Emerging Markets : Businesses And Banks Ride Wave Of India’s Popularity
INDIA


The rupee hit a 57-month high against the dollar, rising to Rs43.3 on April 2. During March the rupee gained 4.2% against the dollar, driven primarily by sustained positive export data and huge portfolio inflows. During the first quarter this year, $2.5 billion came in through portfolio investments, including $1.3 billion in March alone. For the entire 2003, portfolio inflows amounted to $8 billion—more than seven times higher than the inflows in 2002.

In one of India’s largest overseas acquisitions, ONGC, the country’s largest oil exploration and production company, paid $600 million for a 50% stake in a deepwater block in Angola. At its peak the block, managed by oil giant BP, is expected to produce up to 200,000 barrels of oil per day.The holdings are in the form of oil-equity, where the company takes away a portion of the crude equivalent to its shareholding. This is the second major oilfield acquisition by ONGC.Late last year it acquired a 25% stake in the Greater Nile project in Sudan for $688 million.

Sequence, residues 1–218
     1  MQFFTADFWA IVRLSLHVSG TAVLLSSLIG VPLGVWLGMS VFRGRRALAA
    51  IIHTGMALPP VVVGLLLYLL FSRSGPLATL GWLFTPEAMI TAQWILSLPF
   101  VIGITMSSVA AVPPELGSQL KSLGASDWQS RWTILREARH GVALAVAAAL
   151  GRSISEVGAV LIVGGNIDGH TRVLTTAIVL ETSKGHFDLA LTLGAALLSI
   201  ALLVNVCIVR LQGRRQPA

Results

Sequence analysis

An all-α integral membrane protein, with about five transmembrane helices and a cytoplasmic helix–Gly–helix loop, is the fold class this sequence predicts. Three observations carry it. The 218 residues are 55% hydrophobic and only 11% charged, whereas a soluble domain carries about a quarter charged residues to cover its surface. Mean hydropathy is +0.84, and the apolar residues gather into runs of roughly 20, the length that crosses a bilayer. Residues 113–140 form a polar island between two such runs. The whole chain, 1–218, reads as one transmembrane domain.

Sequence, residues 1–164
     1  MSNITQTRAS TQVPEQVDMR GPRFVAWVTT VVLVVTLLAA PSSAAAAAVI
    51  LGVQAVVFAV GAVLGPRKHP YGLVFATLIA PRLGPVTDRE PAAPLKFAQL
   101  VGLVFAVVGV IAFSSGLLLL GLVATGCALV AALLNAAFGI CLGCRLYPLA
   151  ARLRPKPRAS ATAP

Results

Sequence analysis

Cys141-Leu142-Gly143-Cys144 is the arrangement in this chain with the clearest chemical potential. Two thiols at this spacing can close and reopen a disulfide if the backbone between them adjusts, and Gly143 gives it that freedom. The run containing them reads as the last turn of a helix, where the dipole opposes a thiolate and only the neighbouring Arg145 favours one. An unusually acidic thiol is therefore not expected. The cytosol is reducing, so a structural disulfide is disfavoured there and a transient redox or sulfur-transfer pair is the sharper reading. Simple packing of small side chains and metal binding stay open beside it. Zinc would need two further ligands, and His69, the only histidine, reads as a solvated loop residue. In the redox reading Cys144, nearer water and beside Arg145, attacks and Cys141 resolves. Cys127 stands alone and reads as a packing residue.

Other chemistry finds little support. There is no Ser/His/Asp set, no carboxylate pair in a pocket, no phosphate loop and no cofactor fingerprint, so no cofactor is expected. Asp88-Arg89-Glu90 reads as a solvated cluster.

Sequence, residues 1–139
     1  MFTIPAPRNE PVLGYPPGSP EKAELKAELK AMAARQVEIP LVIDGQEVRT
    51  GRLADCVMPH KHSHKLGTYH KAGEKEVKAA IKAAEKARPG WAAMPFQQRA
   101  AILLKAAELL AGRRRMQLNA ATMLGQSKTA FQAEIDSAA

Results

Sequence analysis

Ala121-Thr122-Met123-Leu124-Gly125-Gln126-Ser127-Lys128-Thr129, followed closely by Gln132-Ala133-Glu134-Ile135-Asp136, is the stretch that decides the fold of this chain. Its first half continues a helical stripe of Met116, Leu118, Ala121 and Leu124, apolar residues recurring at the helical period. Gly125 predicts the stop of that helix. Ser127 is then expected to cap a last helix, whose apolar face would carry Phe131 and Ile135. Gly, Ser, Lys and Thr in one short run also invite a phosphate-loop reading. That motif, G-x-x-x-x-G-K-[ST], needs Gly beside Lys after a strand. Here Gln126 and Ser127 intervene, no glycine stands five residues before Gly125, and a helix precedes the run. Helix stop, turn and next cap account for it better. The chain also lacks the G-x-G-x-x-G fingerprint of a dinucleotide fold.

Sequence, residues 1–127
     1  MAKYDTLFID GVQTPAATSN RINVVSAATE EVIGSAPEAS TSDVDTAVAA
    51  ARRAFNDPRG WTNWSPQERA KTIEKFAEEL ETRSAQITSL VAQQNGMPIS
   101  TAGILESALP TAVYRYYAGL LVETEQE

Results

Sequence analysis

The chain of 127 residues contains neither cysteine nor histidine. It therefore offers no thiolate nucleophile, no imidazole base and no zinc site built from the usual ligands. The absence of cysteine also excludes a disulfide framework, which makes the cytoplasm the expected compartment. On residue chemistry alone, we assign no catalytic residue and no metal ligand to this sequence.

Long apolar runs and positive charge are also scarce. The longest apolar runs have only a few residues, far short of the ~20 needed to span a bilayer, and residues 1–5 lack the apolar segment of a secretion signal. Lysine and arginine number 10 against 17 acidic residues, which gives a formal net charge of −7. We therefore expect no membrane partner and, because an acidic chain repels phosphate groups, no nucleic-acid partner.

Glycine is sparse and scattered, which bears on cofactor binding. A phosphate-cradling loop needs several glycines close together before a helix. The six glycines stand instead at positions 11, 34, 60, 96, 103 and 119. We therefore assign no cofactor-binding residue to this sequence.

The January-to-March 2004 quarter has seen record levels of overseas fund-raising from Indian banks and corporations, with $1.8 billion being raised through a mix of syndicated loans and bond issues.This rush to borrow overseas is a direct result of India’s credit-rating upgrade to investment grade by both Moody’s and Fitch in January. Some 15 Indian banks have accessed the external debt market since then, with six of the larger banks raising $470 million through syndicated loans at spreads between 30 and 50 basis points over sixmonth Libor.


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Aaron Chaze

 

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